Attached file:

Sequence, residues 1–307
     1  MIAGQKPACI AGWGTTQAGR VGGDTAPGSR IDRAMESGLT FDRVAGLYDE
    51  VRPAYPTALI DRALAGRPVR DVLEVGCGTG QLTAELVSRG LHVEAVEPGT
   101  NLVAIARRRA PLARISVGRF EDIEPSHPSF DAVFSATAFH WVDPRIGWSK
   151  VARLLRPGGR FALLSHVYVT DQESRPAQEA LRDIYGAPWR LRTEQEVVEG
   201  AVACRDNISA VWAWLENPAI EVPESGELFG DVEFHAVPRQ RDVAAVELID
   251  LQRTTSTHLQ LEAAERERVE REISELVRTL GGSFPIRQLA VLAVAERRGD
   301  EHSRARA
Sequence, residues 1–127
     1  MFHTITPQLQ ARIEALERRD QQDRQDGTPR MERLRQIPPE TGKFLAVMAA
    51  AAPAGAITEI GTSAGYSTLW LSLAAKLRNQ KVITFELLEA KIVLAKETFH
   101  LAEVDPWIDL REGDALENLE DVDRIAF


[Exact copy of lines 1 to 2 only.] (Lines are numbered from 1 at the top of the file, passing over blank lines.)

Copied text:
Sequence, residues 1–307
     1  MIAGQKPACI AGWGTTQAGR VGGDTAPGSR IDRAMESGLT FDRVAGLYDE